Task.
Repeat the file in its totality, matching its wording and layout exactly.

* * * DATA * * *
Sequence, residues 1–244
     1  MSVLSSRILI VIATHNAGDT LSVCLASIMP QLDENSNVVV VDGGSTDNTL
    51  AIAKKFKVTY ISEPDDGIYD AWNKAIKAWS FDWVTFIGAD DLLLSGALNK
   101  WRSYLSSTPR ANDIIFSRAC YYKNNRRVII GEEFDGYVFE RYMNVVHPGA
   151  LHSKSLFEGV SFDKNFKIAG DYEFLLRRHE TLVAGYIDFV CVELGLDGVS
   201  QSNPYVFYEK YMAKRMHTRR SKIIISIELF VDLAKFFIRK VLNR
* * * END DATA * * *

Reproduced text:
Sequence, residues 1–244
     1  MSVLSSRILI VIATHNAGDT LSVCLASIMP QLDENSNVVV VDGGSTDNTL
    51  AIAKKFKVTY ISEPDDGIYD AWNKAIKAWS FDWVTFIGAD DLLLSGALNK
   101  WRSYLSSTPR ANDIIFSRAC YYKNNRRVII GEEFDGYVFE RYMNVVHPGA
   151  LHSKSLFEGV SFDKNFKIAG DYEFLLRRHE TLVAGYIDFV CVELGLDGVS
   201  QSNPYVFYEK YMAKRMHTRR SKIIISIELF VDLAKFFIRK VLNR